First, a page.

LANGHORNE, Pa. (AP) _ Some cloistered nuns have been working overtime to make 100,000 communion hosts for Pope Francis' outdoor Mass in Philadelphia on Sept. 27.
The nuns known as Poor Clares have been making altar breads, also called communion wafers, for decades in their convent in Langhorne, Pennsylvania.
The sisters support themselves by baking the wafers for about 200 customers across the U.S. and Canada. Sister Anne Bartol says, ``It's also a very special work, because it's making the breads that will become the body of Christ once they're consecrated by the priest.''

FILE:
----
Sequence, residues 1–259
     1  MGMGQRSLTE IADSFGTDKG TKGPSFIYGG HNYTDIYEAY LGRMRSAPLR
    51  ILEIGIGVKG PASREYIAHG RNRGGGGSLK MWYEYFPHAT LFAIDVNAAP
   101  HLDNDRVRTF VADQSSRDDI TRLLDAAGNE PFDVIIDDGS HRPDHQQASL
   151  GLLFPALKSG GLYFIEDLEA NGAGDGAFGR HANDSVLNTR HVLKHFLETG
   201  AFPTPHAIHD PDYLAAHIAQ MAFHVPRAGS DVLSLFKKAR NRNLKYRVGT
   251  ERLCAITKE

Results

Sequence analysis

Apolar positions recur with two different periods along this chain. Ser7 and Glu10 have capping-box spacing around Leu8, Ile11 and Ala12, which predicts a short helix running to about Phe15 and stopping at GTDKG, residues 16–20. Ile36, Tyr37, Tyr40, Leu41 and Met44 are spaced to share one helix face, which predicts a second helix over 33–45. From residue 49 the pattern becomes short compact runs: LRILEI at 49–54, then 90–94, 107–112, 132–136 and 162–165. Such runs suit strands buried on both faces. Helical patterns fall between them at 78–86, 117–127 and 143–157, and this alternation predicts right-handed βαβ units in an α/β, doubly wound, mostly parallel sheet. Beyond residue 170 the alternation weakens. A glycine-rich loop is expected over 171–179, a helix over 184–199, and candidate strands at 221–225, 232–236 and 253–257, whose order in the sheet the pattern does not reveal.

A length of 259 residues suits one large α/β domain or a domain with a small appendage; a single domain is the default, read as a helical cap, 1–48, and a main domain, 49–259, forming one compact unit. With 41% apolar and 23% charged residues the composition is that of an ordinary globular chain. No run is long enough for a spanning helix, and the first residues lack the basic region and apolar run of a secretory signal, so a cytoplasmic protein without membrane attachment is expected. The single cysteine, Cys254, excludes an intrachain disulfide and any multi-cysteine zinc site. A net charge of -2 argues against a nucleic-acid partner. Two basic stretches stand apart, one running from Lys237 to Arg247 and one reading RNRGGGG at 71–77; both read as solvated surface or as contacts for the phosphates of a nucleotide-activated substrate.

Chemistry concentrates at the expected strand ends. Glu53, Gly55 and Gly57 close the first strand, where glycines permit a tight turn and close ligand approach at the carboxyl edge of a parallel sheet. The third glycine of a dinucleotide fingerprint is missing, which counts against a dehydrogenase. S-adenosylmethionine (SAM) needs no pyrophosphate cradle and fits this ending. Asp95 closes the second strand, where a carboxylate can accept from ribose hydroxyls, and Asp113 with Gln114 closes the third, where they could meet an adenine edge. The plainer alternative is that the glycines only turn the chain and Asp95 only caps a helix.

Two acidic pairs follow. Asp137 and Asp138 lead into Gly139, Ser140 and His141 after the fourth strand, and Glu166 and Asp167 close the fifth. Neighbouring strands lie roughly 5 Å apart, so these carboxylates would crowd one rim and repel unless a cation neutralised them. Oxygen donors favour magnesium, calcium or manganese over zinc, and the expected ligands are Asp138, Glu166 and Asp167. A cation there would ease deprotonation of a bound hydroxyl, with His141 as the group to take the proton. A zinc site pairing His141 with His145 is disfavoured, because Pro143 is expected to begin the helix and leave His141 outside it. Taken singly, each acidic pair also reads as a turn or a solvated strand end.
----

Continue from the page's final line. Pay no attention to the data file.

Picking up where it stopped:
It took two months of working extra shifts to fill the papal order. Other groups are supplying additional hosts for the Mass, which could attract up to 1.5 million pilgrims.
As an enclosed community, the nuns don't leave the convent except for medical reasons. But sisters say the archbishop gave them permission to attend the pope's Mass.